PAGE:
Tests on a swan found dead in Cellardyke, near Fife, Scotland, confirmed yesterday that it had the H5N1 strain of avian flu.
A 10km-radius protection and surveillance zone has been set up around Cellardyke and farmers and poultry owners within the zone, and in an extended area covering the Montrose Basin, an area of wetland which attracts large numbers of wild birds, have been urged to keep their birds inside.
The National Farmers' Union supported the decision. Peter Kendall, NFU President, said: “It is likely that the dead bird was a native mute swan, so the caution being exercised is wise.”
He added: “The NFU is advising its members to review their biosecurity arrangements, and to do everything possible - such as keeping food and water supplies under cover - to avoid attracting wild birds which could then mix with commercial poultry. Outdoor poultry keepers are also advised to review their contingency plans for housing their birds, should it become necessary.”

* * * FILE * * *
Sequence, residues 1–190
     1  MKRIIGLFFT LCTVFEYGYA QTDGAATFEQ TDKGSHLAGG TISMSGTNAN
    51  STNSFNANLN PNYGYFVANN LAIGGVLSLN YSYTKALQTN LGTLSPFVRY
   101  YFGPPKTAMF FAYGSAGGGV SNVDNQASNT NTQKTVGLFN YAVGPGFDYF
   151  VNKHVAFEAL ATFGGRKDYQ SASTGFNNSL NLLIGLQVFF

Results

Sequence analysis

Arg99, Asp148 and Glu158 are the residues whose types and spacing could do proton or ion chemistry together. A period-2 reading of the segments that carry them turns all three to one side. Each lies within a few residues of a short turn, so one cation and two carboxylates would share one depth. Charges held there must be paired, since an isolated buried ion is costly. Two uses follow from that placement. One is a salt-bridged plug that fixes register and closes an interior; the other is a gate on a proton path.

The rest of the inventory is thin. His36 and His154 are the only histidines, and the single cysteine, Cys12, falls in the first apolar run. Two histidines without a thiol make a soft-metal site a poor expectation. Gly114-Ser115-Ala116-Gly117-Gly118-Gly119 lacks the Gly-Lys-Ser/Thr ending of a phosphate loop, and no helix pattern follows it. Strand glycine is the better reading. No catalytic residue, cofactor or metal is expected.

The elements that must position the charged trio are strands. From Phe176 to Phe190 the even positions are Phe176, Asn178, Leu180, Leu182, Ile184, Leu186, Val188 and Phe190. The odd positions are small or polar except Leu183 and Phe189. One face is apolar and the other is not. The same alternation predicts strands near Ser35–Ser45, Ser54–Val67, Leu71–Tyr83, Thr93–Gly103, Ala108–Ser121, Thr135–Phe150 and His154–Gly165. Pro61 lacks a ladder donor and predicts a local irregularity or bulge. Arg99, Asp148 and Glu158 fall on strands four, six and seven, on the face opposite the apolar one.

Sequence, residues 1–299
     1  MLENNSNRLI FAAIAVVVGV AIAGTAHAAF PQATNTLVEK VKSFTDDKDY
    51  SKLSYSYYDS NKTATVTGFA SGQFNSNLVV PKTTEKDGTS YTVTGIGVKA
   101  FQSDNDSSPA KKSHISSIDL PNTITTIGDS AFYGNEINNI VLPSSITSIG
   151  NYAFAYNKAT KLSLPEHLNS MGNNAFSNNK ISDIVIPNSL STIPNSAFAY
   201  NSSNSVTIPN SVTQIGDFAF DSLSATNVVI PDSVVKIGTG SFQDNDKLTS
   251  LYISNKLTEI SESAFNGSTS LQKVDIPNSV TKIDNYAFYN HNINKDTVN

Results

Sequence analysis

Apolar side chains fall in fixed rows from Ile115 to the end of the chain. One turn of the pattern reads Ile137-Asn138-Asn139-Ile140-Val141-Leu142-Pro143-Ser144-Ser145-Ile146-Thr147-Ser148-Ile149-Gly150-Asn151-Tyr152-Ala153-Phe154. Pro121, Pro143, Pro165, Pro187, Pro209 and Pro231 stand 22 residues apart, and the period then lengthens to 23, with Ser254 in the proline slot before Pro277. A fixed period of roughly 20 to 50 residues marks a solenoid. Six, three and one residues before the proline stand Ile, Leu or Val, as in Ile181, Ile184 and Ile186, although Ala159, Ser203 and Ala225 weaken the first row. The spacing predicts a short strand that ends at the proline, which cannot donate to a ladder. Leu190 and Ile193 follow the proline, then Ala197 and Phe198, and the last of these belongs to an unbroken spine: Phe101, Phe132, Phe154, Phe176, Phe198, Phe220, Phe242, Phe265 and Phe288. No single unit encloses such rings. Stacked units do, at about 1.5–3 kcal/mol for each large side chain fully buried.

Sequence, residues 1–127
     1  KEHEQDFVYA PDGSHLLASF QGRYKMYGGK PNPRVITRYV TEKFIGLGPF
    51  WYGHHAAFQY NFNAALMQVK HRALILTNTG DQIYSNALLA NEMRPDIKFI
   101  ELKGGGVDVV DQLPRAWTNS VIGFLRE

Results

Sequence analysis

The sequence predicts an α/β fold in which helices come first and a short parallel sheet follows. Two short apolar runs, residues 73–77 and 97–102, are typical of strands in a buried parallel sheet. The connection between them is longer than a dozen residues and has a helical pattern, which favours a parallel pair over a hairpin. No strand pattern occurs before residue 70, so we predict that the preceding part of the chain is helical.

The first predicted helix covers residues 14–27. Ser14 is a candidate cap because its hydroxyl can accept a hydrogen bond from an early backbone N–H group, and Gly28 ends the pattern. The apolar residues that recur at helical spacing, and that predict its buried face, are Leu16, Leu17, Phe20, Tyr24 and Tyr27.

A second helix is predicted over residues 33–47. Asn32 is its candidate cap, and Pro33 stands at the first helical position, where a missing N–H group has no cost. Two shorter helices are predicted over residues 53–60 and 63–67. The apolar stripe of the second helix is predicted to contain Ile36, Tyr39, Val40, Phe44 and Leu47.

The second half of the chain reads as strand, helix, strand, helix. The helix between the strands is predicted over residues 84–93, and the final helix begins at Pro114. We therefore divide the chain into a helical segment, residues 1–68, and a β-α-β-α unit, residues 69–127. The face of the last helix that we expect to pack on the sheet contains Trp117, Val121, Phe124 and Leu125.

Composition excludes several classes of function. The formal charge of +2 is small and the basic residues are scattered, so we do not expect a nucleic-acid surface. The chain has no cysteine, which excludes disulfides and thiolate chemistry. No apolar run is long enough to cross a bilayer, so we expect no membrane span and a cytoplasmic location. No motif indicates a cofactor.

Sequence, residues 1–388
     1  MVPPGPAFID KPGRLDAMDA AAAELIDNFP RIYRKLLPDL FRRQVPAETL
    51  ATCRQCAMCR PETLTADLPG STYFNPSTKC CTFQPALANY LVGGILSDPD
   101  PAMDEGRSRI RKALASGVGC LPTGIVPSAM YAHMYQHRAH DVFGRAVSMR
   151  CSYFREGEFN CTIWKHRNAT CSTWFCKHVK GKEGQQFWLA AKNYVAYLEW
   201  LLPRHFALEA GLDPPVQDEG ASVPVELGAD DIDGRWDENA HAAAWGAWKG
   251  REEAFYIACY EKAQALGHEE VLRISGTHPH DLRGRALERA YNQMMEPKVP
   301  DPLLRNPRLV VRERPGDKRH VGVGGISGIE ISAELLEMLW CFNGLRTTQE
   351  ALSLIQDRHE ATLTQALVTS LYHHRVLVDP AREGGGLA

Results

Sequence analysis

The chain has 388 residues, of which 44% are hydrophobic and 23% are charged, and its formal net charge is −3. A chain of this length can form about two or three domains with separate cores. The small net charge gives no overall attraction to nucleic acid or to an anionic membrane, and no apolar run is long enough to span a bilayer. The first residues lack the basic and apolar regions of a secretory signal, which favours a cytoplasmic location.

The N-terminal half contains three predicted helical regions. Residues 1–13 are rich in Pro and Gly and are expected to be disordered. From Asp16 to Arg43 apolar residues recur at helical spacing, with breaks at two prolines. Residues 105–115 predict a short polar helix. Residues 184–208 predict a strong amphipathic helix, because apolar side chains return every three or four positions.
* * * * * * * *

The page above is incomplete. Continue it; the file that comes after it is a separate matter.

Meanwhile, the Food Standards Agency has stressed that avian flu does not pose a food safety risk to consumers: “If you wish to eat poultry and eggs you should continue to do so, following the normal precautions,” it added.